While the internet and social media have generally been a good thing in our lives, they can also foster the rapid spread of disinformation. This disinformation can often be harmful to your well-being - especially in the current environment. As you probably know, social media is overflowing with distorted claims and downright incorrect information about the coronavirus outbreak. It is so widespread that it's being dubbed an "infodemic." And it's causing plenty of its own damage.
You may be wondering where to turn to separate fact from fiction about COVID-19. I wanted to share my research with you about three trustworthy, online resources that I have found that provide the most current information - and shoot down the most current myths. Please save the following links so that the next time you hear something new about the coronavirus, you can verify its voracity. I sincerely feel that the hysteria being caused by the media needs to stop. I know that sensationalized headlines sell magazines and newspapers, but what we need now is truthful information about what is going on and what we need to do to be prepared.
1. COVID-19 Facts
The aim of the well-designed and consumer-friendly website, COVID-19 Facts is to "provide accurate and credible information to counter myths that are gaining traction on social media platforms." It is a public health information campaign brought to you by the maker of Lysol (and U.K. brand Dettol) and draws on such trusted international resources as The Economist, Johns Hopkins University, The London School of Hygiene and Tropical Medicine, and many others.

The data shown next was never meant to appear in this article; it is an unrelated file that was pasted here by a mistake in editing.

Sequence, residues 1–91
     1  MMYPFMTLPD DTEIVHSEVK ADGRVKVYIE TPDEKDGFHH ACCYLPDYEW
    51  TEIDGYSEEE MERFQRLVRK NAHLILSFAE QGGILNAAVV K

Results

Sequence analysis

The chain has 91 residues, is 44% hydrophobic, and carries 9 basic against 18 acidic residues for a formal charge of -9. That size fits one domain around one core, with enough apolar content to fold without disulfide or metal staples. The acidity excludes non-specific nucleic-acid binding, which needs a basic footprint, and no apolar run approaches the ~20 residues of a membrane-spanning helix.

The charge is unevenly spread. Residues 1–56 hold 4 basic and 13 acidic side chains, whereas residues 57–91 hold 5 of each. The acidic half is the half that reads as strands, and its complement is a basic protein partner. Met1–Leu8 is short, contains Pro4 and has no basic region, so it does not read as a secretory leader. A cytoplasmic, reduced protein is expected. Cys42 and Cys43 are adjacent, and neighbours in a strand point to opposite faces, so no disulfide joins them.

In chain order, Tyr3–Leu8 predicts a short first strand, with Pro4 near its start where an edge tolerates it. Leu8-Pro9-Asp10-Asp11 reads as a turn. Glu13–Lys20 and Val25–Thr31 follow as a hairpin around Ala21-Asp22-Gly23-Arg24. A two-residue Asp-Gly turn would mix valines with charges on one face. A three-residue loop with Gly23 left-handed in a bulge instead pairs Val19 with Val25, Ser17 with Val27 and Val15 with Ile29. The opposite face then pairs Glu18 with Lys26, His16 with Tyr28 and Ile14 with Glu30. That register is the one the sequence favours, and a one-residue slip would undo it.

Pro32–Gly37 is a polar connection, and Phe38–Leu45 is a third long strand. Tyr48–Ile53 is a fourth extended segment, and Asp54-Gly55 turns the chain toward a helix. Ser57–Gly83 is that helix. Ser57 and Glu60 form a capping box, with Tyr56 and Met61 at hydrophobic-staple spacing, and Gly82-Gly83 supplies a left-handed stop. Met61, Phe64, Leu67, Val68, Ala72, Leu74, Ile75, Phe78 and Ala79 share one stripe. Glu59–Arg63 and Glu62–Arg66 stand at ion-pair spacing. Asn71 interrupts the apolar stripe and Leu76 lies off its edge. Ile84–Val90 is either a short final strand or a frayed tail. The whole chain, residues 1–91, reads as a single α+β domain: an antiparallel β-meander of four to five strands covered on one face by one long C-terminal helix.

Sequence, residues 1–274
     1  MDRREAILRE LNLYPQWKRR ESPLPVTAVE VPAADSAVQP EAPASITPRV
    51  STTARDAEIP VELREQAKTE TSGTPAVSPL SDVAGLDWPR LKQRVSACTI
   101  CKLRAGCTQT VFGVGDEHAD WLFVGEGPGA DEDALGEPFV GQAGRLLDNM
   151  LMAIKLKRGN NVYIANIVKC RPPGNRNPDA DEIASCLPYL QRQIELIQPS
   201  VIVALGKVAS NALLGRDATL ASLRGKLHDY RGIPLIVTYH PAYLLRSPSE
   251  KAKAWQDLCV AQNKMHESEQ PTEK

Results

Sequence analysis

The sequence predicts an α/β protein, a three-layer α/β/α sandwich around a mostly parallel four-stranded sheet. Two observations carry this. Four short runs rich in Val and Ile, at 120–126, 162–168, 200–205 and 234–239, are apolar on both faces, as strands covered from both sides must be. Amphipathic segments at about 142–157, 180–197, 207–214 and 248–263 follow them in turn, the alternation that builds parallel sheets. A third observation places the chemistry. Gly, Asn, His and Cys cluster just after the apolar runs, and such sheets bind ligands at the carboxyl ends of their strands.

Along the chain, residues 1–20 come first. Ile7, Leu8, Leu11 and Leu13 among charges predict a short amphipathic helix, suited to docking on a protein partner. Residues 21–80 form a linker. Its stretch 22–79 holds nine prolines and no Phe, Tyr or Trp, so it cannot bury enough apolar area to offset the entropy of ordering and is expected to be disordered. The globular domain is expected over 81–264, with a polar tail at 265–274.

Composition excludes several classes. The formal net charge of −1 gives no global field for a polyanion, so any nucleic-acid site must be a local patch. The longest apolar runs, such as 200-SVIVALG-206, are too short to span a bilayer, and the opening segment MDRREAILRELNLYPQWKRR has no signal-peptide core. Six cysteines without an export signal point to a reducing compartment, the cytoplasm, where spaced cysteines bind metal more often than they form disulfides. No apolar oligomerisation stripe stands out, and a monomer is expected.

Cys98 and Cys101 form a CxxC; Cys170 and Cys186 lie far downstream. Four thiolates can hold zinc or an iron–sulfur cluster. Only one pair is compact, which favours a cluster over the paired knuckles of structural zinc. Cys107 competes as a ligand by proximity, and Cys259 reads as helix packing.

2. World Health Organization
You can get straight talk from the original source at the World Health Organization (WHO). The WHO provides evidence-based information on the outbreak with daily updates, advice for the public, myth-busting, and much more.
3. Federation of American Scientists
The Coronavirus Project of the Federation of American Scientists aims "to debunk misinformation circulating the web on matters of public health and safety, as well as provide clear and sourced information for policymakers. We cut through the noise to present clear information and advice for the public, policymakers, and reporters looking for scientist-led and evidence-based analysis. We want to make science accessible, so we are taking on the task of translating scientific papers full of jargon and shoptalk into plain language for anyone who wants to be in the know."
4. Mapping 2019-nCoV
In response to this ongoing public health emergency, Johns Hopkins University has developed an interactive web-based dashboard, to visualize and track reported cases in real-time. "The dashboard, first shared publicly on January 22, illustrates the location and number of confirmed COVID-19 cases, deaths, and recoveries for all affected countries. It was developed to provide researchers, public health authorities, and the general public with a user-friendly tool to track the outbreak as it unfolds. Further, all the data collected and displayed is made freely available." The dashboard reports cases at the province level in China, city level in the US, Australia and Canada, and at the country level otherwise.